The Universal Language of Magic

Success was in the cards for this Mexican-born illusionist-turned-UNLV hospitality student-turned Strip headliner.

Article ID: 689115

Released: 6-Feb-2018 6:05 PM EST

Source Newsroom: University of Nevada, Las Vegas (UNLV)

  • Credit: (Courtesy of Jeff Cools)

    Santiago Michel selected UNLV for his studies because of its proximity to Las Vegas entertainment venues. Now he's headlining his own show.

Newswise — Reading the mind of Santiago Michel isn’t hard these days. The UNLV senior opened his new Planet Hollywood show Ilusión Mental to  audiences with a mix of mind reading and mind-bending illusions. But he didn’t rely on his intuition to break ground with the Strip’s first all-in-Spanish show.

“I didn’t know if it was going to work,” said the Mexico City native of the idea for creating a show that caters to the Latino market. “I thought it made sense, but I needed help to do some research.”

Michel parked himself in the front row his Sociology of Gaming class and soon revealed his idea to professor Bo Bernhard.

“At the time, I remember thinking, either you're the lucky genius who has come up with a brilliant idea, or you're the unfortunate genius who came up with it just a few years too early,” said Bernhard, who in addition to teaching for the Harrah College of Hospitality serves as the executive director of UNLV’s International Gaming Institute.

He helped connect Michel to the marketing research and mentored him on how to make his business pitch.

But convincing the entertainment-soaked Strip that there was room for an Spanish-language magic show was a hard sell, despite the fact that around 6 million annual visitors to Las Vegas speak Spanish. Numerous properties passed on the project.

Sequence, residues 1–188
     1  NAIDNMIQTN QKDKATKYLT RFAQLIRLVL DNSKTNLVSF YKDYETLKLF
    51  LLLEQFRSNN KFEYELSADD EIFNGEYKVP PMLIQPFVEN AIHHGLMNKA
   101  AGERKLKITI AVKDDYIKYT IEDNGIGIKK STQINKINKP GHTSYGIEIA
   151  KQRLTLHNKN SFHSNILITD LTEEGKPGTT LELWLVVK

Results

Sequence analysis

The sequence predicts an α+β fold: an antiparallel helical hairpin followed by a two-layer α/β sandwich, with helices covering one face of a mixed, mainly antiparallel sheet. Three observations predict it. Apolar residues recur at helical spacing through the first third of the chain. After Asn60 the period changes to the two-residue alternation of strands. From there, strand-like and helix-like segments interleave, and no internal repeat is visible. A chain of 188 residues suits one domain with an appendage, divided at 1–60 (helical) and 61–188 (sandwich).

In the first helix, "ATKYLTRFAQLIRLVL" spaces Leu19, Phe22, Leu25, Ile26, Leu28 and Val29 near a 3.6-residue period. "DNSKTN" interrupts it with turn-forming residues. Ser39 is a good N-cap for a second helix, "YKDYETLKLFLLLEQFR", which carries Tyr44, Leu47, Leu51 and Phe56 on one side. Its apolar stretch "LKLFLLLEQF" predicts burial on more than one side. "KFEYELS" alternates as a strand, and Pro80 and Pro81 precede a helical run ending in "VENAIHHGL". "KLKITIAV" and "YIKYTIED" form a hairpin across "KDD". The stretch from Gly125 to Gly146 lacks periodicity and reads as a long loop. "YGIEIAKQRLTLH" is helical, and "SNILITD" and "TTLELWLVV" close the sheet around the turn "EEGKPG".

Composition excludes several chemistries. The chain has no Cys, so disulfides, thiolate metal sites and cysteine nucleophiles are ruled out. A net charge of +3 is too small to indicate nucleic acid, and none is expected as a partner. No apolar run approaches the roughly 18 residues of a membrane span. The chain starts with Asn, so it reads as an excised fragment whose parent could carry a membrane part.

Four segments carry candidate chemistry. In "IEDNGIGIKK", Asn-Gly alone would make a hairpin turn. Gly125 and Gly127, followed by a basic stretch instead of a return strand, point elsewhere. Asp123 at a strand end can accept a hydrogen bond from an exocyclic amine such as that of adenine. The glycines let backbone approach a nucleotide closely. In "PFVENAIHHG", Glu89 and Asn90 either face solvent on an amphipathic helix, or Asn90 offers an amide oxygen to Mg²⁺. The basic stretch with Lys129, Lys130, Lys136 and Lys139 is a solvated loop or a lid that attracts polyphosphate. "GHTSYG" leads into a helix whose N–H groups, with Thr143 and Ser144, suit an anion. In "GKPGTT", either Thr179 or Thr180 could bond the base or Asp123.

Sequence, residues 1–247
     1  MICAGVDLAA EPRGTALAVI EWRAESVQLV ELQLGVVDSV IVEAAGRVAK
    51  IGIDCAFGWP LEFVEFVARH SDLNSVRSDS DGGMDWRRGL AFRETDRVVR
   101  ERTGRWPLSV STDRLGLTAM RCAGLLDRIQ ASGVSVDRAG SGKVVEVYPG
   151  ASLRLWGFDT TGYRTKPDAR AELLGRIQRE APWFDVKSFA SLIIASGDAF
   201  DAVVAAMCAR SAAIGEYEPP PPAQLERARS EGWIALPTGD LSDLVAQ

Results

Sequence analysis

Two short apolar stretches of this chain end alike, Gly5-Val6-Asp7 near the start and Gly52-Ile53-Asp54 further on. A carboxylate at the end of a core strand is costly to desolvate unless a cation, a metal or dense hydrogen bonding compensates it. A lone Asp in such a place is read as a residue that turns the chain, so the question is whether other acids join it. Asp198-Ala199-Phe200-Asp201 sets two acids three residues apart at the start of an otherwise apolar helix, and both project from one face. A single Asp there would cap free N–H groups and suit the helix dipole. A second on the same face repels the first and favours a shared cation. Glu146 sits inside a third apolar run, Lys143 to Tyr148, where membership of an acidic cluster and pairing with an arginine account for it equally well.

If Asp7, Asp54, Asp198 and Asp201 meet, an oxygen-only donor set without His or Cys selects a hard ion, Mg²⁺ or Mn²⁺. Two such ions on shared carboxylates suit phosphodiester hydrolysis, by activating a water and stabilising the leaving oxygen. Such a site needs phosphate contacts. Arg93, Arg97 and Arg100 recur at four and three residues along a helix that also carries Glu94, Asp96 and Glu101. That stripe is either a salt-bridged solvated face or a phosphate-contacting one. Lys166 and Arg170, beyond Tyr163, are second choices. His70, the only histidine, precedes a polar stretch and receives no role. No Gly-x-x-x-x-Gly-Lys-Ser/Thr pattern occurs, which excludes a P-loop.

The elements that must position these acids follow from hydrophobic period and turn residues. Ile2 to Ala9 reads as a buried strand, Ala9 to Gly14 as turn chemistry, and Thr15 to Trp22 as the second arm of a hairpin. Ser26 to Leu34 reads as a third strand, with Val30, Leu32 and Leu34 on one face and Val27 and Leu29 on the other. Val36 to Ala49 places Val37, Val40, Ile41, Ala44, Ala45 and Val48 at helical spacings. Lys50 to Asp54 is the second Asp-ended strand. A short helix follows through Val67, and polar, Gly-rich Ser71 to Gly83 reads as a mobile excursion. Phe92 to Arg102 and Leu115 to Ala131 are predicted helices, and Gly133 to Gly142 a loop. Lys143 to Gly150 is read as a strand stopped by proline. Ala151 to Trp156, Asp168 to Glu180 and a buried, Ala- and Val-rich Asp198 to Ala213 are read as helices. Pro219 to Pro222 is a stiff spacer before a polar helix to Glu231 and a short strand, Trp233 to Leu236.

“It didn’t matter how many ‘Nos’ I got because I knew that it would only take one ‘Yes,’” Michel said.

Planet Hollywood did more than give Michel a stage, he says; it challenged him to create an experience that is both dynamic and unique to each audience.

And while Ilusión Mental caters to Spanish-speakers (the show draws audiences from as far away as Argentina), Michel points out that magic transcends the bounds of language.

“It’s an all-ages, all-backgrounds, highly visual show. You do not have to speak Spanish to enjoy the show.”

Growing up in Mexico City, Michel saw magic as more than a pastime. It is an artform to be researched, studied, and practiced. His parents nurtured his passion for magic but were also clear about the importance of a solid education.

“My parents told me the only way they would support me was if I went to college,” Michel said. “I came to UNLV because I wanted to become a professional magician, and I wanted to do this in Vegas. I mean, UNLV is the only place in the world where you can be a university student and have a show on the Strip. It is the most Vegas thing ever.”

His experience at UNLV’s Hospitality College has given him invaluable professional tools.

“The college has expanded my horizon,” Michel said. “It helped me learn how to approach people, how to communicate with people from all over the world .”

And what of the deal he made with his parents?

“I told them I will finish college not matter what happens,” said Michel, who just began his final semester. “I may have to sacrifice some sleep, but I will finish.”

Read the full story on UNLV's News Center


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